Phylogenetic analysis shows that avian coxiellosis agents and Coxiella burnetii, the agent of Q fever, represent 2 independent events of development of vertebrate pathogenicity in this group of tick endosymbionts.
Key words: splenomegaly, coxiellosis, Coxiella-like endosymbiont, antemortem, avian, blue and gold macaw, Ara ararauna
10) Although treatment for coxiellosis has yet to be reported in birds, the efficacy of doxycycline in the treatment of Q fever is well documented and its use in avian patients is extensive.
Avian coxiellosis appears to be an emerging infectious disease with significant mortality among captive species of bird.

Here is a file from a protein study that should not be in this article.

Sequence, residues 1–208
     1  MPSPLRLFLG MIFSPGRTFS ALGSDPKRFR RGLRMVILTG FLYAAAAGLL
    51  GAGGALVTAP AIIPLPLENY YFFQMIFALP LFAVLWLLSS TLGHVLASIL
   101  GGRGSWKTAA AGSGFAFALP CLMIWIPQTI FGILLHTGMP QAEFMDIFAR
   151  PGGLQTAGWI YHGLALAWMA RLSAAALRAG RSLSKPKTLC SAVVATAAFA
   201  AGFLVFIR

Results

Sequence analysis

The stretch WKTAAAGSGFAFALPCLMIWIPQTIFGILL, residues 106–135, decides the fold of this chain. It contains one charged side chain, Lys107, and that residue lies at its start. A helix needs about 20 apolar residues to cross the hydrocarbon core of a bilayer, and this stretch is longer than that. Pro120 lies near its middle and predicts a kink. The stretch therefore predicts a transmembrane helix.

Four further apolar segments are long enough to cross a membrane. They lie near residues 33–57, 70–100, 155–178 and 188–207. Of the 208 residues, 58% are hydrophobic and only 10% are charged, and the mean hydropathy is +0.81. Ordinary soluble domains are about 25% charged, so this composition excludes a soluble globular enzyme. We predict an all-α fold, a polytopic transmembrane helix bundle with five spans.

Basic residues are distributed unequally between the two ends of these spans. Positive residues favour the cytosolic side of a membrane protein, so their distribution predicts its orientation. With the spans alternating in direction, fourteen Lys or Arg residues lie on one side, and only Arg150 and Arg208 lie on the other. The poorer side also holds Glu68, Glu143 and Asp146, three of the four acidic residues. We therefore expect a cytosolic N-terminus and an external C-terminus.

While splenic rupture has been previously reported in avian coxiellosis cases, (3) and more than a week passed between splenic aspiration and rupture, the potential role of iatrogenic injury caused by the fine-needle aspirate must also be considered.
The best available model with significant data for diagnosis and treatment of avian coxiellosis is Q fever.
Currently there are no isolates or characterized antigens of avian Coxiella species, so serologic assays for avian coxiellosis are not currently available.
The diagnosis of coxiellosis in animals may not be as straightforward, as tissue sample availability and test sensitivity may be decreased.
Infected domestic animals (cattle, sheep, and goats but [ILLEGIBLE TEXT] animals, especially cats), frequently with persistent and subclinical coxiellosis, [ILLEGIBLE TEXT] the main source of C.
burnetii by [ILLEGIBLE TEXT] animals and raw materials and the possibility of coxiellosis outbreaks among [ILLEGIBLE TEXT] animals and consequently Q fever in humans.